Divide your class into activity groups. There should probably be 4 or 5 students in a group. Distribute the "Digging Up The Past" activity sheets and data tables for the activity. Ask the students to go to the Thirteen/WNET Tenement Museum Wallpaper and Floorboard Activity Page at http://www.thirteen.org/tenement/floorboards.html. Provide them with a FOCUS FOR MEDIA INTERACTION by asking why they think the wooden floorboard diagram on the front of this activity packet is an exact copy of the floorboards on the computer screen. (Each floorboard is numbered to make it easier to fill out their data table. They will find a different object behind each floorboard.)
Provide them with a FOCUS FOR MEDIA INTERACTION by asking to list what types of items they think they might find at an old building destruction site? Allow each group a few minutes to come up with a list and then write portions of their lists on the board for future reference. (Answers will vary but will probably include: glass, bottles, cigarette buts and or packages, newspapers, articles of clothing, matches, umbrellas, books, garbage, maybe dead animals. You will need to remind them that the building they are going to search in is like an apartment building today.) Now have them click on board number 1 and sketch what the see on the computer screen on their data chart. Have them read the description of the item given on the computer. You will need to show them that they can increase the size of the object and get a description by clicking on the object. Check the list they had originally made to see if this is on their list. You might want to go through the questions written on the data chart for this item with also. All of the answers to the questions are provided on the Teacher copy of this handout.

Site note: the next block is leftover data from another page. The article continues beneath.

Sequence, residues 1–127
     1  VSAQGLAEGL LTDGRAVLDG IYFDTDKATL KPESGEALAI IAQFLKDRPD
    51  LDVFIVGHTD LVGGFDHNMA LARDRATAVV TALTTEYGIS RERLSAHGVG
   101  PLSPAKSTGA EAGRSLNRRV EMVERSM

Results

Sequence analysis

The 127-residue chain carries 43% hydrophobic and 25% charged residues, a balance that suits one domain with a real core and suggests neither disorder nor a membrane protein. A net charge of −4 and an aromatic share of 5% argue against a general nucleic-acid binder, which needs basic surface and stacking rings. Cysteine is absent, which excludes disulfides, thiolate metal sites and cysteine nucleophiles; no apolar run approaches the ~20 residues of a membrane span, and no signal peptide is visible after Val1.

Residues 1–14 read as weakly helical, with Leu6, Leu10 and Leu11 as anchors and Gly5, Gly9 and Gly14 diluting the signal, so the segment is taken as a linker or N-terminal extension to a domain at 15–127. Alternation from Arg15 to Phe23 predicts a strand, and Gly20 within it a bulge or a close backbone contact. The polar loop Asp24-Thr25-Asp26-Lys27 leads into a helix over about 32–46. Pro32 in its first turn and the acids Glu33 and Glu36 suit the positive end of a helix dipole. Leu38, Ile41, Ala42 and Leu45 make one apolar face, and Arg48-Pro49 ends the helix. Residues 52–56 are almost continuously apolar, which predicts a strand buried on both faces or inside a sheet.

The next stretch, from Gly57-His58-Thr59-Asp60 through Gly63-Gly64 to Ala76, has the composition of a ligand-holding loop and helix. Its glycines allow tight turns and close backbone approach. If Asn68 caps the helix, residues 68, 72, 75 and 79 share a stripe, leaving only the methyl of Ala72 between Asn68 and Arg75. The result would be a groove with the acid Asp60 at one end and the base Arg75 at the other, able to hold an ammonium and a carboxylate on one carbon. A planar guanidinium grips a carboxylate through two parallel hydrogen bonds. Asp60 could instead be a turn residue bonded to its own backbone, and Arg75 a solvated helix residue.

Allow the students to work through the remainder of the site as small groups, discussing their ideas about how these items might have gotten there in the first place. They should look at this as a detective story, using the items they find to tell something about the people who must have lived or frequented this old building.